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Ex-NYPD deputy inspector sentenced in Mayor Adams campaign straw donor scheme

Molly Crane-Newman, New York Daily News on

Published in News & Features

NEW YORK — A former NYPD deputy inspector who was friendly with Mayor Eric Adams was sentenced to community service Tuesday for his ringleader role in a straw donor scheme that gamed the system to boost the mayor’s 2021 City Hall run and curry political favors.

Dwayne Montgomery, 64, received 200 hours of community service — which he agreed to with prosecutors before he pleaded guilty to misdemeanor-level conspiracy in February — and a $500 fine. He’s already completed 42 hours with BKLYN Combine, a community organization that provides social support programs to Black teens and young adults citywide.

Per the terms of his plea deal, Montgomery is prohibited from hosting political fundraisers or soliciting contributions on behalf of any campaign for a year.

The retired cop who overlapped with Adams at the police department is one of three men who’ve admitted to illegally donating and directing others to contribute to Adams’ 2021 mayoral campaign in an elaborate straw donor scheme between August 2020 and November 2021. Shamsuddin Riza, Millicent Redick and Ronald Peek remain charged with conspiracy, attempted grand larceny, and related offenses. They deny wrongdoing.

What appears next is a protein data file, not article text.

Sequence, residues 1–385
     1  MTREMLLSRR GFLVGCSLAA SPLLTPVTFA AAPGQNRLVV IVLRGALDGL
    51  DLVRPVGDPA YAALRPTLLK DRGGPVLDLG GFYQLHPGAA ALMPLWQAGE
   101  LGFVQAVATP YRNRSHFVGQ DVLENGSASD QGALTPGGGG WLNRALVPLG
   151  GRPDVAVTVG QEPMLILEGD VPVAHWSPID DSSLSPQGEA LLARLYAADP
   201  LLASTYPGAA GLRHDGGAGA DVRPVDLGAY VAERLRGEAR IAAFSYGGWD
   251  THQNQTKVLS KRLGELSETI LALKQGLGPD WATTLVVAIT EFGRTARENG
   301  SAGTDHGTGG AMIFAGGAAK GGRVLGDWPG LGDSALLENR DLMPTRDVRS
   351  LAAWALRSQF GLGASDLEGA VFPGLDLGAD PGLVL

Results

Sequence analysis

A spokesman for Manhattan District Attorney Alvin Bragg declined to comment.

The cash funneled to Adams’ campaign in others’ names triggered a major injection of cash from a program by the city’s Campaign Finance Board that matches donations of up to $250 by eight to one, allowing the scheme’s architects to subvert caps on how much they could donate. Montgomery, who organized and hosted more than one fundraiser for Adams, reimbursed straw donors who falsely certified they were contributing of their own volition, according to court docs.

 

Last month, Shahid Mushtaq and Yahya Mushtaq, two brothers who own Queens construction firm EcoSafety Consultants, were sentenced to 35 hours of community service and ordered to pay modest fines in a deferred prosecution agreement with the DA’s office. Both pleaded guilty to related offenses in October along with their company and are cooperating in an investigation examining the straw donor scheme, the New York Daily News previously reported.

Prosecutors say Montgomery, the Mushtaqs, and others hoped to leverage the donations to score money-making contracts once Adams took office.

Reached for comment, Montgomery’s lawyer, Anthony Ricco, said he was not cooperating in the broader probe and pushed back on the allegations that his client participated in the scheme with the expectation that he’d be reimbursed with Adams’ influence.

“This indictment didn’t happen until the mayor had been in office almost 18 months,” Ricco said, noting Montgomery wasn’t accused of soliciting favors in that time.

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